Land of —

Windows ask, what is a door?
     And nights ask, what are days?
          The coat rack wants to know 
               what branched fingers 

are for. Farms and abattoirs
     close down and milk floods 
          the ditches. Shingles bang
               on the roof as if they

want to be vultures or crows. 
     Today the foot wants to press 
          itself against the tongues 
               of boots. It's not so pretend

that you live in a town 
     where sentries stand guard, 
          armed with long nasal swabs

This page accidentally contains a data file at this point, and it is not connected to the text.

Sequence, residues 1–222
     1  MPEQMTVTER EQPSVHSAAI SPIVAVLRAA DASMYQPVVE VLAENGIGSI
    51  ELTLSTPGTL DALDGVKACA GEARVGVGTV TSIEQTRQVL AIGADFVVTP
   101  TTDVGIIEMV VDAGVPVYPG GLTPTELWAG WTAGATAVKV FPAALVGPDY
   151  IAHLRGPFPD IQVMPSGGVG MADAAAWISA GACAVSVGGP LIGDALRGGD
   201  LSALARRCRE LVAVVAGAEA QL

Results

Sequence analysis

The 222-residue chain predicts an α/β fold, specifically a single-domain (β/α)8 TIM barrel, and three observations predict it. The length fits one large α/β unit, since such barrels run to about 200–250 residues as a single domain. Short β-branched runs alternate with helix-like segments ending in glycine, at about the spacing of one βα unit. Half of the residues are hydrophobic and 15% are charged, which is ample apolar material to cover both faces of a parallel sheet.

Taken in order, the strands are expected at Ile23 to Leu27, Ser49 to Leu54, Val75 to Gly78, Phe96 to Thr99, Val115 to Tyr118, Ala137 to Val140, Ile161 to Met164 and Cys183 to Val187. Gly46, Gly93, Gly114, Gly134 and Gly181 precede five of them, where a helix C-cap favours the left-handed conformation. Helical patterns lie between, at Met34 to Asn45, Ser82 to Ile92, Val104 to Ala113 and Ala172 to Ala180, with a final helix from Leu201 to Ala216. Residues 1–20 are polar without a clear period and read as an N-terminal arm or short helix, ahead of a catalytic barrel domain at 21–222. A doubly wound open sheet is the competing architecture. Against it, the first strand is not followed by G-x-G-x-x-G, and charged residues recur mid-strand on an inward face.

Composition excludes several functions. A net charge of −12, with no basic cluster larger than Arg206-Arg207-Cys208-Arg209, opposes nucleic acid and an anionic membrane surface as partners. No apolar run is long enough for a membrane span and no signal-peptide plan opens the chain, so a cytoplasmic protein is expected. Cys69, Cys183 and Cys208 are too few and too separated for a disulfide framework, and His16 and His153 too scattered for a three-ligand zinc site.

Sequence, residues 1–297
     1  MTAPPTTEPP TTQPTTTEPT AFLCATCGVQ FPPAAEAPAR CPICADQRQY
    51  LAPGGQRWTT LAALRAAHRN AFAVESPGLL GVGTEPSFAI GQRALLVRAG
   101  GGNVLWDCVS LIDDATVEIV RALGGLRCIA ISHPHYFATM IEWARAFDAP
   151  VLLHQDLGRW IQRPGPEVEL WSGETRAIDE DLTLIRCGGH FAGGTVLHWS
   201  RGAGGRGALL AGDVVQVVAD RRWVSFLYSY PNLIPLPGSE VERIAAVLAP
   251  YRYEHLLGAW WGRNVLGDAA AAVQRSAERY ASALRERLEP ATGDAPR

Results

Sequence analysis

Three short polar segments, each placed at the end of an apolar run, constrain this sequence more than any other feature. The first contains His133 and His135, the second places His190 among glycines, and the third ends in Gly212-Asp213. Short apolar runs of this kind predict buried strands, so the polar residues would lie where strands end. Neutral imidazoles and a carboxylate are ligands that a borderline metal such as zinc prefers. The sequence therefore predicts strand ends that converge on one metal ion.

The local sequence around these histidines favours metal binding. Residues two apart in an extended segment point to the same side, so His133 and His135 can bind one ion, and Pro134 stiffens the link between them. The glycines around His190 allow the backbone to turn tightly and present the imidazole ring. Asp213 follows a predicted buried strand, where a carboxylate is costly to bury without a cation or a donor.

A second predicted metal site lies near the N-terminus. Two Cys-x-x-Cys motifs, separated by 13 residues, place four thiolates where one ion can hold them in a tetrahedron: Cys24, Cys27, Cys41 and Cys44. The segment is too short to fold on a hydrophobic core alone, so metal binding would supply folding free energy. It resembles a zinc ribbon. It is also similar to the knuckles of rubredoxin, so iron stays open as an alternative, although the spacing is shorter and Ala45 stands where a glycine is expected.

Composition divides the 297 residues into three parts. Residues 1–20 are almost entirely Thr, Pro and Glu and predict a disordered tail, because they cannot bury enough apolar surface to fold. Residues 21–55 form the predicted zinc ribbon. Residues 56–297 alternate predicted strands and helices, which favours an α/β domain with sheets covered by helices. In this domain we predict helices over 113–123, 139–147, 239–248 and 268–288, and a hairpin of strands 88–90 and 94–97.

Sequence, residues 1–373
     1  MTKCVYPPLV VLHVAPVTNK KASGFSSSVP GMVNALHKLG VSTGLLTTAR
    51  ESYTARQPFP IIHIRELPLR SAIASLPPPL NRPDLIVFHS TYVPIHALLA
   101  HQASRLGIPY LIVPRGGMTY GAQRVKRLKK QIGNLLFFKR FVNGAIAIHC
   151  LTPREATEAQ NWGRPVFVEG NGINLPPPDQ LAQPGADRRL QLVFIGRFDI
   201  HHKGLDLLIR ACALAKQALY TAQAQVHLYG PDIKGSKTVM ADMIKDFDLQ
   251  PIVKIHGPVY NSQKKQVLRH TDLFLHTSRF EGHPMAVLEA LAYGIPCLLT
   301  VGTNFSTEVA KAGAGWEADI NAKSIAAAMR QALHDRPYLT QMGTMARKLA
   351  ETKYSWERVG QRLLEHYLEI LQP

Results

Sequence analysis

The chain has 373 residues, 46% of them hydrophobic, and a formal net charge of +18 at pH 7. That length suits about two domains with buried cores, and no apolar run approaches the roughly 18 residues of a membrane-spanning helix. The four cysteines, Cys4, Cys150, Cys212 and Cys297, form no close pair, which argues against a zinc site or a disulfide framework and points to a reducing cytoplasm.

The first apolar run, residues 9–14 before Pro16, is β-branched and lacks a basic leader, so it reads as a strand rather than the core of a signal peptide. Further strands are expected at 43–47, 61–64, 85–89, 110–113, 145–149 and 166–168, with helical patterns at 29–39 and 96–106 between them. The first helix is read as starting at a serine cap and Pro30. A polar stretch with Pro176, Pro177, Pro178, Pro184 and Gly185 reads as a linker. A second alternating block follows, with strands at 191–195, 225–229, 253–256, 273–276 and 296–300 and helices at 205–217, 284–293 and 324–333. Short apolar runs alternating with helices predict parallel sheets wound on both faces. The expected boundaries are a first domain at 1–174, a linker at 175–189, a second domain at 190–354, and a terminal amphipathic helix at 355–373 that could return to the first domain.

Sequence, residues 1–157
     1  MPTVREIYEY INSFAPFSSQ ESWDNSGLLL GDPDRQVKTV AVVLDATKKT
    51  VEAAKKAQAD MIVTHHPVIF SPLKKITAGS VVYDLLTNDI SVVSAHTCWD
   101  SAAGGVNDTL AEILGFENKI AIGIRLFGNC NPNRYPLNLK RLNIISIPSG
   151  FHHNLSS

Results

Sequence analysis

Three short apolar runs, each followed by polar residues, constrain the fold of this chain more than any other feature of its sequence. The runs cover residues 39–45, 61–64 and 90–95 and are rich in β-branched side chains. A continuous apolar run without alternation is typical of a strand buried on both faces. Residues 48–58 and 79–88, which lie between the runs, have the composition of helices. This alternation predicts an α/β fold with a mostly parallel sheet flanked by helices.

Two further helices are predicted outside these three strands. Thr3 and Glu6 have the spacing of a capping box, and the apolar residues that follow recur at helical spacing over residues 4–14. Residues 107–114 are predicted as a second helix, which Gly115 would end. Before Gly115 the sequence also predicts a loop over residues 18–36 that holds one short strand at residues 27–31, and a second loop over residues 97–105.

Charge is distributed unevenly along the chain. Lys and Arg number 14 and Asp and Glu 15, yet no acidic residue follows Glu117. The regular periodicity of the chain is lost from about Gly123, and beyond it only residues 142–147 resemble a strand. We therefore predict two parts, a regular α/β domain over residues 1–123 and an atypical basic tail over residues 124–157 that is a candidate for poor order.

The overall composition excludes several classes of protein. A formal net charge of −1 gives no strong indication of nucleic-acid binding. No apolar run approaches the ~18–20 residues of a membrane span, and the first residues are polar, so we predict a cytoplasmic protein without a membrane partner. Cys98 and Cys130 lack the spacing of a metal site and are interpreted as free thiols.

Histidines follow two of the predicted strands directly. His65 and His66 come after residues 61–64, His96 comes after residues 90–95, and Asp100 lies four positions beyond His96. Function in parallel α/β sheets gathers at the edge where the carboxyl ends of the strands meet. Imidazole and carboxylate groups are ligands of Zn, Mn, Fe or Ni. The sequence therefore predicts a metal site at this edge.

and plastic shields. They go 

from house to house, 
     knocking on doors, waving
          fever guns. Inside, mothers
               go about sorting chaff 

from grain, paper from polyester. 
     They know how to quiet the fowl 
          before unsheathing the blade. 
               The hours are a long highway 

doused in petrichor. The wilderness is not
     just a story you once read about, that 
          a grand railway was built for. You
               can't remember all the turns

you had to take and what it cost to get
     into that country called America. By then
          the waters are poisoned. You peel
               even the skin off grapes.

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